More than three years after the COVID-19 pandemic began, many healthcare institutions continue to have difficulty fully staffing all their facilities. In response, both the Oregon and Washington legislatures enacted new laws that will change how hospitals plan for and staff their facilities. While both states will send shockwaves throughout their hospitals, the approaches differ
On May 10, 2023, the Oregon Health Authority (“OHA”) announced that, effective May 11, it is suspending the statewide rule requiring that health care workers be fully vaccinated against COVID-19 unless they have an approved medical or religious exception. The news coincides with the end of the federal public health emergency on May 11, along with the anticipated end of the federal COVID-19 vaccination mandate for health care facilities certified by the Centers for Medicare and Medicaid Services (“CMS”).
The OHA stated that immediate suspension of the rule is necessary “to align with the end of the federal public health emergency and elimination of other COVID-19-related control measures, and because there is no longer a significant public health need for this rule.”
The OHA also stated:
The rationale for the rule when it was adopted was that COVID-19 was likely to be transmitted in these congregate settings, placing vulnerable persons at risk. [The Oregon mandate] is now being suspended, because immunity from the primary series is known to wane over time, such that 2 booster vaccinations have since been recommended for most persons. Moreover, the virus that causes COVID-19 has mutated such that the original series provides little longer-term protection against infection by currently circulating strains. Finally, at this point most people have been infected by the virus (94% by one estimate), giving survivors a degree of immunity at least equivalent to that provided by the original vaccination series for some period of time.Continue Reading Oregon Health Authority Suspends COVID-19 Vaccine Mandate for Health Care Workers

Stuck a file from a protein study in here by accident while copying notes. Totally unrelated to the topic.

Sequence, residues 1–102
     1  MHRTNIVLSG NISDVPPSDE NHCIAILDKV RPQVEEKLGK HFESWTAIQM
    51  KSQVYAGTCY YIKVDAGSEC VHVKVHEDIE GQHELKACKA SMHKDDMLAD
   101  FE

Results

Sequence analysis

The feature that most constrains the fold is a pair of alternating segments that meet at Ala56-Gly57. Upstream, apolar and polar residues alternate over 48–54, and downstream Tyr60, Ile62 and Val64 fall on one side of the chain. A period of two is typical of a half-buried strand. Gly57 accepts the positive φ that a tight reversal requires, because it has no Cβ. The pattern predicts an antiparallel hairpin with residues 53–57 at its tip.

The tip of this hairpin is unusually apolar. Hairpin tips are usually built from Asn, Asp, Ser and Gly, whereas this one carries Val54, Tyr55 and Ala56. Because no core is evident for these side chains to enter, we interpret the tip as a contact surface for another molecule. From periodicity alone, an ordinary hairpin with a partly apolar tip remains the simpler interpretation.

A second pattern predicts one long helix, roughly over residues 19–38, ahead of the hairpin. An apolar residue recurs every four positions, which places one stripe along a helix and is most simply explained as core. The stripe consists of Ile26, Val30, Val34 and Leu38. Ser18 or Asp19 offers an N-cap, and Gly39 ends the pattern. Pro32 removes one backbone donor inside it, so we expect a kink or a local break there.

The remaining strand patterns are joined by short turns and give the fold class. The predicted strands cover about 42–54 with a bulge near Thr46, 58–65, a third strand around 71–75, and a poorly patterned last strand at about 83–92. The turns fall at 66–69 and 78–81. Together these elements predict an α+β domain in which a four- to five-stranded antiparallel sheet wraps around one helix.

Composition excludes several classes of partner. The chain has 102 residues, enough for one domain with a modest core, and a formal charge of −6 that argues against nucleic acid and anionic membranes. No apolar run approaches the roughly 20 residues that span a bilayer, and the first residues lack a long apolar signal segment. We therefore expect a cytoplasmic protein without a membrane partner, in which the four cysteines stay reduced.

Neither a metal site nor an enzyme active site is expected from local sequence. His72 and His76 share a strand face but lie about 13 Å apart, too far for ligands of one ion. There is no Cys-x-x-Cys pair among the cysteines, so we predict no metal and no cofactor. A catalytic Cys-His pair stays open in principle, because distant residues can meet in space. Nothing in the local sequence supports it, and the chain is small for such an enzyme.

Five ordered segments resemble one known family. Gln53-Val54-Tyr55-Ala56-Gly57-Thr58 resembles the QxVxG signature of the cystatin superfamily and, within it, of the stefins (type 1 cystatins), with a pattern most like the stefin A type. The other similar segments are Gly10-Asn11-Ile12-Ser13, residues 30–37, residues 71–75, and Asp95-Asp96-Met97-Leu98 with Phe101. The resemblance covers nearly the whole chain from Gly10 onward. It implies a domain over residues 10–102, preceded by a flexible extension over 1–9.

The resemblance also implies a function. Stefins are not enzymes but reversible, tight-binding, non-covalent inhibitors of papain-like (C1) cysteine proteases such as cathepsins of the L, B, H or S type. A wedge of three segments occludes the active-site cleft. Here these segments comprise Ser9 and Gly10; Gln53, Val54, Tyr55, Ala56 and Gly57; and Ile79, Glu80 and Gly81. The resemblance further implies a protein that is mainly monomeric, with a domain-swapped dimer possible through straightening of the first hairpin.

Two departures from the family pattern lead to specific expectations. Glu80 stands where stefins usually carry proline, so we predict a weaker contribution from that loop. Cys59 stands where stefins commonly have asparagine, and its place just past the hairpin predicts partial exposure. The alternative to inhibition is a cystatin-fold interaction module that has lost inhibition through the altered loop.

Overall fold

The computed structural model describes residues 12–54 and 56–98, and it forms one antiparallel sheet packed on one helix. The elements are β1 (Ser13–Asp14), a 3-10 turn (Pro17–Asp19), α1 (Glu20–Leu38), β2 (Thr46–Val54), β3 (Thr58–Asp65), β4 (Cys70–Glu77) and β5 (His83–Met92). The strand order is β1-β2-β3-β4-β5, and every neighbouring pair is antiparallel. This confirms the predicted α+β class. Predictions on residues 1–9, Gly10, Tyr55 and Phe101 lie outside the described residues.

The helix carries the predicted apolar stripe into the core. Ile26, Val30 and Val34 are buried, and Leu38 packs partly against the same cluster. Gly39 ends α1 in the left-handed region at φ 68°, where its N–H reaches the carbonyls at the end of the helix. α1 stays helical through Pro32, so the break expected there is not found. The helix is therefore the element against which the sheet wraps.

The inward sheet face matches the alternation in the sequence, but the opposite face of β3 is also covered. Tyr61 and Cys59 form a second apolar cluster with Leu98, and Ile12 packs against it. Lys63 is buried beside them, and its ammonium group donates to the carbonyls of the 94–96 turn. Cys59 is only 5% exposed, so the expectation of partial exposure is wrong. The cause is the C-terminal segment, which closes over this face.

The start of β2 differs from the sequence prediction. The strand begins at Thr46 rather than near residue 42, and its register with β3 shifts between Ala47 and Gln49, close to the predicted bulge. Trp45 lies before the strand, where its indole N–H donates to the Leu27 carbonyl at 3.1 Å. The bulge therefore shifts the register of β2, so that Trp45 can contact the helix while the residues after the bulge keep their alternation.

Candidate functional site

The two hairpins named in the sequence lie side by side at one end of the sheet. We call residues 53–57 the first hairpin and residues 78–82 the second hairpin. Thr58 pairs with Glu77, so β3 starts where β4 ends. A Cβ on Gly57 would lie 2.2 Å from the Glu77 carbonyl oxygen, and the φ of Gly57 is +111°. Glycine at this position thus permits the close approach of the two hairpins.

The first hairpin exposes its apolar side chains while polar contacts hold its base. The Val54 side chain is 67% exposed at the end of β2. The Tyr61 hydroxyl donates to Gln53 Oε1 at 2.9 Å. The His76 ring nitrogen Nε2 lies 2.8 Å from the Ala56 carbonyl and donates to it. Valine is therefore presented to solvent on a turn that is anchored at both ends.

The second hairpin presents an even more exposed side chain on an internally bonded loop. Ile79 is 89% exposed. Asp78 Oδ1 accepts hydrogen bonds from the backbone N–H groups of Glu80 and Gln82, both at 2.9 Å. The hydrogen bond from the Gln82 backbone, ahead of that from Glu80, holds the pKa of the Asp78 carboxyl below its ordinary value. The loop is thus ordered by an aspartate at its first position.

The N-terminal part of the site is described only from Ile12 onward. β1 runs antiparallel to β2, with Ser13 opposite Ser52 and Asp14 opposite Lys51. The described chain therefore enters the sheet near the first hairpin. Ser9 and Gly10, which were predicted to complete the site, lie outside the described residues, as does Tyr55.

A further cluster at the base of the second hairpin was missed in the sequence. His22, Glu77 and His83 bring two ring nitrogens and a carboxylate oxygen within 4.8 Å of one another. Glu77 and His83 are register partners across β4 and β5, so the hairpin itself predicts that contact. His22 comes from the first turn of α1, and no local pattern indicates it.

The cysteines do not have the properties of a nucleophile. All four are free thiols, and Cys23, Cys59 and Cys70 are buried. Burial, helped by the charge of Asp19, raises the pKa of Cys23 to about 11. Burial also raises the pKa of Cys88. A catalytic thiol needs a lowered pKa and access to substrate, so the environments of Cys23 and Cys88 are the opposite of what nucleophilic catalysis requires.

Stoel Rives recently continued its long-time sponsorship of the Portland Business Journal Health Care of the Future awards. A special publication for the awards includes a collaboration by Stoel Rives’ attorneys Todd Hanchett, Tim Hatfield, Kelly Knivila and Sarah Oyer on an article addressing four current trends in health care. Topics covered include behavioral health services, value-based purchasing, telehealth and employment-related issues. Read the full article here.Continue Reading Stoel Rives’ Health Care Attorneys Contribute to PBJ ‘Health Care of the Future’ Special Publication
The Department of Labor (DOL) recently modified its guidance regarding leave under the Families First Coronavirus Response Act (FFCRA). These changes pertain to the applicability of FFCRA leave to employees of health care providers. The changes – which take effect on September 16, 2020 – are a response, in part, to a recent New York federal district court opinion invalidating some of the DOL’s prior guidance. (See here.)
The DOL narrowed the applicability of the FFCRA exemption for health care providers. Under the new guidance, not all employees of health care providers are exempt from FFCRA. Only the following employees may be excluded: (1) licensed doctors of medicine, nurse practitioners, chiropractors, dentists, and others permitted to issue FMLA certifications under 29 C.F.R. 825.125; and (2) employees who provide diagnostic, preventive, or treatment services, or “other services that are integrated with and necessary to the provision of patient care and, if not provided, would adversely impact patient care.” This exemption includes, among others, nurses, medical technicians, and laboratory technicians. We recommend that health care providers seeking to exempt some employees from FFCRA talk to their legal counsel about whether the exemption applies.
The DOL encourages health care providers to minimize use of the exemption to the extent possible in order to prevent the spread of COVID-19. Employers may choose to allow some types of FFCRA leave (e.g., leave for employees with COVID-19 symptoms) and not others (e.g., childcare leave).Continue Reading Department of Labor Narrows FFCRA Exemption for Health Care Providers